Illustrated in fig. 2 are a pair of actuators 64A, 648 which are fixedly mounted on the outer surface of ejector 14 adjacent the aft end thereof and each of which is adapted to move three telescoped shafts 66, 68, 70 (see FIGS. 1 and 3 also) longitudinally of said ejector, each shaft 66 being slidably mounted in an aperture in the associated drive motor. Various known mechanisms may be employed in actuators 64A, 648 to move the shafts as aforesaid, such as suitable gear or hydraulic arrangements. Pumps, electric motors or other power sources associated with the actuators are operated by power lines which are extended from the forward portion of pylon 10 as ejector 14 moves rearwardly thereon, and whichare retracted by suitable means, such as a rotatable reel, when the ejector is returned to its stowed position around the aft portion of nacelle 12. The rear end of each shaft 66 is provided with a laterally extending arm 72 (see FIG. 2) which is connected to a respective one of the longitudinal edges of first panel 56 at the aft end thereof, and the rear end of each shaft 70 is likewise provided with a laterally extending arm 74 which is connected to a respective one of the longitudinal edges of second panel 60 at the aft end thereof.

OPERATION During cruise flight of an aircraft provided with the abovedescribed thrust-augmenting and sound-suppressing apparatus, the two panels 56 and 60 are positioned alongside ejector l4 and the latter is located at the forward end of pylon l0 and disposed around the aft end of nacelle 12, as illustrated in FIG. 1. When thrust augmentation and sound suppression are required, motor 24 is operated to rotate sprocket 28 in a counterclockwise direction as it is viewed in FIG. 2, whereupon drive chain 34 pulls ejector 14 to its deployed position downstream from nacelle l2. Motors 64A and 64B are also operated to extend shafts 66, 68, 70 rearwardly from the ejector and thereby deploy panels 56 and 60 as illustrated in FIG. 2. Suitable limit switches are provided to stop the drive motors when the ejector and panels 56, 60 are deployed.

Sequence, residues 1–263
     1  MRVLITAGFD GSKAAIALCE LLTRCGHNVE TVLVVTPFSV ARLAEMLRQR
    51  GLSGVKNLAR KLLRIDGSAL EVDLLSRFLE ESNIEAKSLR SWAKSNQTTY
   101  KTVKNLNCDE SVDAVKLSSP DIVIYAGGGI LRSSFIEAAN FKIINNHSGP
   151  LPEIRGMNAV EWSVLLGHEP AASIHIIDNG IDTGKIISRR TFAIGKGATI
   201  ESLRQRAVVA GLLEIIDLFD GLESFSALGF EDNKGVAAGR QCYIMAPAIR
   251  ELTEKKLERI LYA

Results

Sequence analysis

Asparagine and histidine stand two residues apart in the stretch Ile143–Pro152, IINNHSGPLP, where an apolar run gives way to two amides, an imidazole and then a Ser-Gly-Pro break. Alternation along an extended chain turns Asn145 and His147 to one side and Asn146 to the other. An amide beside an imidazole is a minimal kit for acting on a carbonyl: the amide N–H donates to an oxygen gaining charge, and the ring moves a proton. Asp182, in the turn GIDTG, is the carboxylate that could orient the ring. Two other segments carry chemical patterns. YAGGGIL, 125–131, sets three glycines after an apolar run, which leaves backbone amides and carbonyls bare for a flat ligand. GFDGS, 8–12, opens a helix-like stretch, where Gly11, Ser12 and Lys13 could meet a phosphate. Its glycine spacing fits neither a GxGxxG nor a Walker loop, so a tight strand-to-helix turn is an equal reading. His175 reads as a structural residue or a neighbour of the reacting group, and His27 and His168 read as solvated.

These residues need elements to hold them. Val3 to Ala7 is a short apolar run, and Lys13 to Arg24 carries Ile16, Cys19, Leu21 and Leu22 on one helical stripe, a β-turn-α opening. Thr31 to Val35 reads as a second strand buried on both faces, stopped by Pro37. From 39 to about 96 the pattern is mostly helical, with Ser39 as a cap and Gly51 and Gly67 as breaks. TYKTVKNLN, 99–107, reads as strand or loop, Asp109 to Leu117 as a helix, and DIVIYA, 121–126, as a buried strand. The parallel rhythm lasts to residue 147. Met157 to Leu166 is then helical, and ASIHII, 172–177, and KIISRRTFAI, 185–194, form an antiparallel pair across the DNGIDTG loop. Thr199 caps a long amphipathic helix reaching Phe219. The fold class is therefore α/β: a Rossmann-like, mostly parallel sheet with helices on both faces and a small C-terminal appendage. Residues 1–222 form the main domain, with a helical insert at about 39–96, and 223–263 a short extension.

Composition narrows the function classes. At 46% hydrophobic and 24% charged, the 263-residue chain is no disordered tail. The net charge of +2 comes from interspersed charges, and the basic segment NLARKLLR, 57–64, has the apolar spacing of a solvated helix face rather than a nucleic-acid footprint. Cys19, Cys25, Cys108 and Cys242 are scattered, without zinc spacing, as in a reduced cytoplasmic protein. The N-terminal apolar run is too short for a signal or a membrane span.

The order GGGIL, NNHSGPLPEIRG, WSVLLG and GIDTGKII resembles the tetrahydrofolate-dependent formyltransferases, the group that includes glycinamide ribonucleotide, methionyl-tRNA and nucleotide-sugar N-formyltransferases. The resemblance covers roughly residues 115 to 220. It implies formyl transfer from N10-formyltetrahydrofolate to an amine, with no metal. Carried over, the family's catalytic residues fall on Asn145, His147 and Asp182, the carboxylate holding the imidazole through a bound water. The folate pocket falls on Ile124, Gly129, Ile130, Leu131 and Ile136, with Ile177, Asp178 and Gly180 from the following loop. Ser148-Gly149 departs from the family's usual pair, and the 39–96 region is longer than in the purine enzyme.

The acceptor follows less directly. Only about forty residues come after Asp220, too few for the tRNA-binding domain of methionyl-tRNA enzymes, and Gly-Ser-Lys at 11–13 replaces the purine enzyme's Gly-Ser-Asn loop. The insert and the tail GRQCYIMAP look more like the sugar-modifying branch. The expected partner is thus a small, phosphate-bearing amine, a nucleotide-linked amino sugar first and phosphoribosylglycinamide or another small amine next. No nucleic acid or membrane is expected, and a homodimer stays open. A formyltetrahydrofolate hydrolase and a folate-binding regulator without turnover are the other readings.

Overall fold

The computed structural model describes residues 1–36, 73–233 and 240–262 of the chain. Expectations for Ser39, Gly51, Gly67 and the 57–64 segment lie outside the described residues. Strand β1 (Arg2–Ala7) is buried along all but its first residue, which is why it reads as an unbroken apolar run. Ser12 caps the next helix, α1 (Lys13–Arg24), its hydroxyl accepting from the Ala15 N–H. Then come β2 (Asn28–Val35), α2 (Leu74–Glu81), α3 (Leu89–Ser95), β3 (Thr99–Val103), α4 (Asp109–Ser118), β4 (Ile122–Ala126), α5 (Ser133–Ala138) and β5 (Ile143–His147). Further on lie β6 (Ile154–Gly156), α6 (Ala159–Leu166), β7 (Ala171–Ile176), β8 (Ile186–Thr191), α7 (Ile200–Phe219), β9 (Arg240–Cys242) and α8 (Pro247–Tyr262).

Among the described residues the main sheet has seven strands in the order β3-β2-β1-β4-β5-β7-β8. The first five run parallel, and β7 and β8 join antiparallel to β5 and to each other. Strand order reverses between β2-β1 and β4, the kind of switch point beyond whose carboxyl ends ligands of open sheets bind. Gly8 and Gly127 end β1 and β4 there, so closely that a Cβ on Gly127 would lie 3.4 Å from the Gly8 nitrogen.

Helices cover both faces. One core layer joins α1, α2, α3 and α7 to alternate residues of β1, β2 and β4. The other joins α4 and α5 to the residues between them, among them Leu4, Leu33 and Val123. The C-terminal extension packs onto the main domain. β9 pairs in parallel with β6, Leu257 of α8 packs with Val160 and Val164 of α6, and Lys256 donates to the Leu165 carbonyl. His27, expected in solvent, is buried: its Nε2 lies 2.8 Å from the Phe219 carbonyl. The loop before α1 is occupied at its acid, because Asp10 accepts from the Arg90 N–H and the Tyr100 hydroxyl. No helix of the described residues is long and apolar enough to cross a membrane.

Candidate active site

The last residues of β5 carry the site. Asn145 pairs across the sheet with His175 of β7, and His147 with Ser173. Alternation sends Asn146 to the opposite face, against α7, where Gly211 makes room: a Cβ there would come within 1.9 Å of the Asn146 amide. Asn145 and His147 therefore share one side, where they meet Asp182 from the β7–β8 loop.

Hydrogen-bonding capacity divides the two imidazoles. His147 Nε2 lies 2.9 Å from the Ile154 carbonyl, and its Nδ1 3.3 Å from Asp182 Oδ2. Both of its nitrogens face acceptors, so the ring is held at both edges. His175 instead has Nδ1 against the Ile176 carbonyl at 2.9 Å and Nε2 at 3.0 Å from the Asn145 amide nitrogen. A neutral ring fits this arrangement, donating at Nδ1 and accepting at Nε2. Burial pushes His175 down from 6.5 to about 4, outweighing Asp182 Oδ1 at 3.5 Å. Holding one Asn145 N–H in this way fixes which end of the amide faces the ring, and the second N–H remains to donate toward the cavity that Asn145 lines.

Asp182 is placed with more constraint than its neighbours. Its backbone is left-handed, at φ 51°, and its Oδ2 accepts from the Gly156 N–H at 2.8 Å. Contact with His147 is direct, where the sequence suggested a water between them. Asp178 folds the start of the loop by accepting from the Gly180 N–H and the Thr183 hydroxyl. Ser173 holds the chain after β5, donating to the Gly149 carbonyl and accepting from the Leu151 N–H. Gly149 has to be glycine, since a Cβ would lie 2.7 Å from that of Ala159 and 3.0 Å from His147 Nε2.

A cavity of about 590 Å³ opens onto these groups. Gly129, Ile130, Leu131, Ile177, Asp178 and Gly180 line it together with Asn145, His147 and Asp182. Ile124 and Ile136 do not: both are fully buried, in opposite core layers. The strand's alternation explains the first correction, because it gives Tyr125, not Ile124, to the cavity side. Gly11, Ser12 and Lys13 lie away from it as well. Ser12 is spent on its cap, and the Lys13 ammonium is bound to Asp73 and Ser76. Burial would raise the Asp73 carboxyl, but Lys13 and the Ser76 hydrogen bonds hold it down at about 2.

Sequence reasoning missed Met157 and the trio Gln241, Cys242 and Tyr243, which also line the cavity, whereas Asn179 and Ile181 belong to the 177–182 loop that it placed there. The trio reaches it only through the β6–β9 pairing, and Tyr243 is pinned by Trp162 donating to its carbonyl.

After ejector 14 has been deployed the thrust of the jet stream issuing from nacelle 12 is augmented by the flow of atmospheric air into the ejector. However, if holes 46 and 48 and chamber 44 where not provided in the wall of ejector 14, the stream of atmospheric air and exhaust gas passing through the ejector would separate from the inner surface of the latter at the point where holes 48 are located. Such flow separation in a conventional tubular ejector results from the low pressure at the aft end thereof, which permits atmospheric air to enter the aft end of the ejector and fiow along its wall in the direction opposite the flow of the main stream of atmospheric air and exhaust gas. In the ejector 14 which has been described and illustrated a portion of the stream of atmospheric air and exhaust gas flowing through the throat thereof enters the holes 48 at the aft end of said throat and flows in a forward direction through chamber 44 and out of the holes 46 at the forward end of said chamber. This flow of air and gas (illustrated by arrows in FIG. 4) through holes 48 causes the expansion boundary of the stream flowing through ejector 14 to remain attached to the inner surface of the ejector aft of said holes, and is effected by the pressure gradient along the inner surface of the ejector, the pressure being greater at holes 48 than it is at holes 46. Since the boundary of the stream of atmospheric air and exhaust gas remains attached to the aft portion of the inner surface of ejector, the thrust produced by the propulsion unit is greater than that of the same assembly equipped with a conventional ejector of the same size as ejector 14. Furthermore, the stream of atmospheric air and exhaust gas impinges upon panel 56 immediately aft of the ejector. It has been found that with this arrangement of ejector l4 and panels 56 and 60 the perceived noise level at positions under or at the sides of an aircraft provided with said components is effectively reduced, with minimal effect on the operation of the aircraft. Obviously motors 24, 64A and 648 can be operated to return ejector 14 and panels 56 and 60 to their stowed positions when thrust augmentation and sound suppression are no longer required.